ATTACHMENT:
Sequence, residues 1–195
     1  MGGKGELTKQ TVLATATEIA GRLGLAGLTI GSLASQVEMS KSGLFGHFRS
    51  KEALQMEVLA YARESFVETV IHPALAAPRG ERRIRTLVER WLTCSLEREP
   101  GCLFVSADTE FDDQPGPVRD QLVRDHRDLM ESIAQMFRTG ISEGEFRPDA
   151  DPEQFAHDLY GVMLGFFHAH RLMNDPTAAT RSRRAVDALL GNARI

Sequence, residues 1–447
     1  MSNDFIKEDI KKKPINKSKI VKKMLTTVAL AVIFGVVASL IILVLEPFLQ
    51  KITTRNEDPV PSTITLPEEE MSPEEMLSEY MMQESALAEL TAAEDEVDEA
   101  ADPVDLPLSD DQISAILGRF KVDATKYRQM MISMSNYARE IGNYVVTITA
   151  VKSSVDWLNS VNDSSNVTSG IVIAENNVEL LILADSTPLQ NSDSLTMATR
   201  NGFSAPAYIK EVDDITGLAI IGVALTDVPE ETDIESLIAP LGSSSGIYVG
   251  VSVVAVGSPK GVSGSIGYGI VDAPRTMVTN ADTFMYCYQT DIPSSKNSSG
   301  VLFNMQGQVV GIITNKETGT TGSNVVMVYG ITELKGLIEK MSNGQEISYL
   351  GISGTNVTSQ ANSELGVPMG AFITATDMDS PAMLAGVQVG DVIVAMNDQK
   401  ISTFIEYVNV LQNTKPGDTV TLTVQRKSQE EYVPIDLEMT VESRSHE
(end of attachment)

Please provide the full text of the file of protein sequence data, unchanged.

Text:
Sequence, residues 1–195
     1  MGGKGELTKQ TVLATATEIA GRLGLAGLTI GSLASQVEMS KSGLFGHFRS
    51  KEALQMEVLA YARESFVETV IHPALAAPRG ERRIRTLVER WLTCSLEREP
   101  GCLFVSADTE FDDQPGPVRD QLVRDHRDLM ESIAQMFRTG ISEGEFRPDA
   151  DPEQFAHDLY GVMLGFFHAH RLMNDPTAAT RSRRAVDALL GNARI

Sequence, residues 1–447
     1  MSNDFIKEDI KKKPINKSKI VKKMLTTVAL AVIFGVVASL IILVLEPFLQ
    51  KITTRNEDPV PSTITLPEEE MSPEEMLSEY MMQESALAEL TAAEDEVDEA
   101  ADPVDLPLSD DQISAILGRF KVDATKYRQM MISMSNYARE IGNYVVTITA
   151  VKSSVDWLNS VNDSSNVTSG IVIAENNVEL LILADSTPLQ NSDSLTMATR
   201  NGFSAPAYIK EVDDITGLAI IGVALTDVPE ETDIESLIAP LGSSSGIYVG
   251  VSVVAVGSPK GVSGSIGYGI VDAPRTMVTN ADTFMYCYQT DIPSSKNSSG
   301  VLFNMQGQVV GIITNKETGT TGSNVVMVYG ITELKGLIEK MSNGQEISYL
   351  GISGTNVTSQ ANSELGVPMG AFITATDMDS PAMLAGVQVG DVIVAMNDQK
   401  ISTFIEYVNV LQNTKPGDTV TLTVQRKSQE EYVPIDLEMT VESRSHE